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Poisonous paints, blackened bones, and beetles steeped in booze. Discover the strange and curious recipes that artists used to create some of history’s most vivid colours in the latest exhibition, The Alchemy of Colour at The John Rylands Library.

Throughout the ages, artists experimented with intriguing ingredients to concoct their colours. Often they turned to nature in their pursuit for the perfect pigment, as intent on their craft as alchemists hunting for gold. Gorgeous yellows were cooked up from the stinking urine of cows, tree growths dissolved in acid made inky blacks, and precious stones were crushed up into vibrant shades of blue.

These skilled creators stopped at nothing to make their colours sing – even if it meant risking their own health. Orpiment, a golden yellow pigment, contained dangerous levels of arsenic. The rich red of cinnabar derived from lethal mercury. Yet the risks they took left a stunning legacy, as the spectacular items on display in The Alchemy of Colour reveal.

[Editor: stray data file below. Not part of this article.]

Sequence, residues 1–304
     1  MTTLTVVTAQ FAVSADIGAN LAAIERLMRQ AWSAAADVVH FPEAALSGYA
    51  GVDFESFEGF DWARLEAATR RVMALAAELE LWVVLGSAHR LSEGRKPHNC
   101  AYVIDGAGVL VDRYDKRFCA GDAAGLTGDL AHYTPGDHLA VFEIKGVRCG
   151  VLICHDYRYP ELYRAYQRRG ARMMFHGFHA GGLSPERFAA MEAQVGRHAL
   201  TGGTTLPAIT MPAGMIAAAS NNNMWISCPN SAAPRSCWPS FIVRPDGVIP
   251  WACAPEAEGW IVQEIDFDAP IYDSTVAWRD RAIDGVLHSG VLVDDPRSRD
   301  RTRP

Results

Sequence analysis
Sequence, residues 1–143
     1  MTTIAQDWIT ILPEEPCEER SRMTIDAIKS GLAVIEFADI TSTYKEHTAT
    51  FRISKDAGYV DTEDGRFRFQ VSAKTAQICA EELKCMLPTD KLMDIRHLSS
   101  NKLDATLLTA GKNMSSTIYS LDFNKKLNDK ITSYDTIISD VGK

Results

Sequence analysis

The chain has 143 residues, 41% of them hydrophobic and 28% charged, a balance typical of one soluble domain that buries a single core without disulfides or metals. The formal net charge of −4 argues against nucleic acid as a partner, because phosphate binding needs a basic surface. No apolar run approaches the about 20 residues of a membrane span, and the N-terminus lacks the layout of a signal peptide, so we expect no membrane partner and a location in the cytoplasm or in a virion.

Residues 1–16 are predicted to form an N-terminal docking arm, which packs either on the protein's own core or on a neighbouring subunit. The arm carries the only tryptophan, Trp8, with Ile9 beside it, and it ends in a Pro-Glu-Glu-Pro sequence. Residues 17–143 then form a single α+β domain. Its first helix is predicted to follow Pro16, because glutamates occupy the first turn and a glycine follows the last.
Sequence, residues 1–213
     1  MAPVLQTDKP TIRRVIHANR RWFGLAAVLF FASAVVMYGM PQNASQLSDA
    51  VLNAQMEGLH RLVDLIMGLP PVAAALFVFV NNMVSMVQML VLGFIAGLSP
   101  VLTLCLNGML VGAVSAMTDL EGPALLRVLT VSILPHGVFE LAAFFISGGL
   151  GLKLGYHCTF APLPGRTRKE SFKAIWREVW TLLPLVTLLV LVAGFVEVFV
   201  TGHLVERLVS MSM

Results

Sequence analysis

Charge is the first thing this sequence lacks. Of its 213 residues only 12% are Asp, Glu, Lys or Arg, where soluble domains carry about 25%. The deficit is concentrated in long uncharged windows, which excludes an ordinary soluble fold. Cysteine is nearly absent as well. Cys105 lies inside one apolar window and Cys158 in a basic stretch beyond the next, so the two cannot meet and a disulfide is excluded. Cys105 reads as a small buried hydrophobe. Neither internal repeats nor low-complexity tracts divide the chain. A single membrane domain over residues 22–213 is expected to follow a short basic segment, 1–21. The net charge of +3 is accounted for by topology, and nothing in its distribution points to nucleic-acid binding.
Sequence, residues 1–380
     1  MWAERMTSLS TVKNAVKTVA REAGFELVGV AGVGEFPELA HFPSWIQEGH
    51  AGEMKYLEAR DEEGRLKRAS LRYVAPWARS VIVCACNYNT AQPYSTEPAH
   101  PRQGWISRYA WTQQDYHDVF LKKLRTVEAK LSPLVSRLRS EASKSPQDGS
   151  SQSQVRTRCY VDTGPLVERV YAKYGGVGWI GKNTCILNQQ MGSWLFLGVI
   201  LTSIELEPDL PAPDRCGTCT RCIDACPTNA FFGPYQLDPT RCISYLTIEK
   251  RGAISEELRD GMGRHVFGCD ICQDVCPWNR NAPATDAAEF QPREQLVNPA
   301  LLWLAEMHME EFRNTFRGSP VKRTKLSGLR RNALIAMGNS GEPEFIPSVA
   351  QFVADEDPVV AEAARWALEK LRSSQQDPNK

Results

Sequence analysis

Take the French manuscript that’s one of the stars of the show. Created in the 1430s, its blues and greens are still so bright they leap off the page almost 600 years later. Elsewhere, marvel at rare and unusual manuscripts from across the world, from the intense yellow and soft green of an 18th-century Indian painting to the lavish gold leaf adorning an illustration of the planets from 15th-century Italy.

The Alchemy of Colour uncovers the bizarre stories behind artists’ palettes through a display of some of the most striking manuscripts in our collection. An exhibition full of surprises, immerse yourself in a history of colour that’s as remarkable in its inventiveness as it is in its beauty.

The Alchemy of Colour, 15 March-27 August 2018, free entry

Image courtesy of The John Rylands Library/The University of Manchester